A truly ingenious concept, solar panel roadways promise to completely transform the world's road networks by making streets and highways digital, intelligent, profitable and carbon neutral, using already available technology.
Idaho based Solar Roadways, the brainchild of Scott Brusaw, is a startup that has recently gained tremendous momentum through government and philanthropic grants enabling them to build an impressive prototype of a piece of intelligent road of glass, which they say will antiquate asphalt roads.
- You'll be driving on top of a layer of glass, underneath which will be solar panels that store the energy of the sun. The sun already produces the energy that makes asphalt roads so hot, so why not harness that phenomenon and collect that energy?
- The roads would feature dynamic light signals, that could display any message, such as "slow down", "wet road" or "pedestrians ahead".
- Using mutual induction techniques, electrical vehicles could eventually be recharged while driving, completely obviating the need for external fueling.
- The energy gathered by the solar panels will be distributed by the roads themselves, which will act as cables. In effect, the highway network will become an electrical grid.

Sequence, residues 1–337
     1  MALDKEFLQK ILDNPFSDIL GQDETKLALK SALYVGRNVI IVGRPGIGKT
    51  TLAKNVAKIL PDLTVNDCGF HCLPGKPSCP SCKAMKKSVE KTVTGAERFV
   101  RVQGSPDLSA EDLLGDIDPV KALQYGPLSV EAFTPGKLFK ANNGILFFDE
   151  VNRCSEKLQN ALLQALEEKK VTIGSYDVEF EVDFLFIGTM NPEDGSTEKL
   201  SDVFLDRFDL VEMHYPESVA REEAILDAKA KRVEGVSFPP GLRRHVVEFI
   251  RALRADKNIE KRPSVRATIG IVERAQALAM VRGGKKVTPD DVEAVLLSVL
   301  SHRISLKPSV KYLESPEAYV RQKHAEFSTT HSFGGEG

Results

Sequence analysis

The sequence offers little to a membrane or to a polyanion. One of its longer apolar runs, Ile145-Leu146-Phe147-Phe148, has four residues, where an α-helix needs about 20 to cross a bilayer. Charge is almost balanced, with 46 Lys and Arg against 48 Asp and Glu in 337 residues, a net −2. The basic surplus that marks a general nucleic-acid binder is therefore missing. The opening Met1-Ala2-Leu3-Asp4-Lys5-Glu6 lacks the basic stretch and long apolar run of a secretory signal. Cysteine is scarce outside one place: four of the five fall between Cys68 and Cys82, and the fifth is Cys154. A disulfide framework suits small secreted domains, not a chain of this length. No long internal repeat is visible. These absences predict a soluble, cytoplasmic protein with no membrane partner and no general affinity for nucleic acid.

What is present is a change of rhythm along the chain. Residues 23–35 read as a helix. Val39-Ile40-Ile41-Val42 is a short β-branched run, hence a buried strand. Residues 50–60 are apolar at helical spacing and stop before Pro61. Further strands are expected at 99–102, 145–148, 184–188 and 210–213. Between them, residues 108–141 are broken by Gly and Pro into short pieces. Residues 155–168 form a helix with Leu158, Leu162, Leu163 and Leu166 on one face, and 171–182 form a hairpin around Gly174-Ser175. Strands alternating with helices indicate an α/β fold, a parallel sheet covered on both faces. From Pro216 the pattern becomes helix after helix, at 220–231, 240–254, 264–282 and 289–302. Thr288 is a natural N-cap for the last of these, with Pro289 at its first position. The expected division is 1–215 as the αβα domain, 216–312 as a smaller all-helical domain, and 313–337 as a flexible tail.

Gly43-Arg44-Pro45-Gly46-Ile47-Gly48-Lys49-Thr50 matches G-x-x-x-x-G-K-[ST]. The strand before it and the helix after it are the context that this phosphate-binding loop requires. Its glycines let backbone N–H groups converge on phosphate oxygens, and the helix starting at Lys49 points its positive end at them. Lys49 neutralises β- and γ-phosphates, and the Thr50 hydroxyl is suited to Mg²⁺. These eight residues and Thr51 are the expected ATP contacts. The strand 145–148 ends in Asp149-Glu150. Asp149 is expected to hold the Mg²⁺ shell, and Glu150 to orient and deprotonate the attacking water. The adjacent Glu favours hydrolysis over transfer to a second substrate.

- One mile of road can produce enough electricity to serve the power needs of more than 400 homes.
- Solar roads would be built to last 22 years, exactly the time they would take to produce enough electricity to pay for themselves, so in practice they'd cost nothing.
- If the entire current US highway system were replaced with solar panels, they would produce three times the energy need of the United States.
- The roads would be built upon a base layer of recycled garbage pellets, relieving landfills.
- The roads will heat up to speed the condensation of dangerous rain, as well as melt snow and ice right off the road, rendering plow trucks a thing of the past.
As the world eventually runs out of oil, gasoline and asphalt will become intolerably expensive, so at some point we will have to find other materials with which to build roads. Why not pick a solution that is at the same time economically viable (profitable actually), environmentally friendly AND politically palatable?
I'm sure many of you will have apprehensions about driving on glass, but fear not, Brusaw assures us that the glass will have at least the same level of traction and friction as today's roads, possibly even more so. And it won't shatter either: Glass, I've come to learn, can actually be engineered to be as hard as steel.
The only drawback, as I see it, is that Solar Roadways is not a publicly traded company. Otherwise I'd be calling my broker right now.
Watch the video to find out exactly how it works.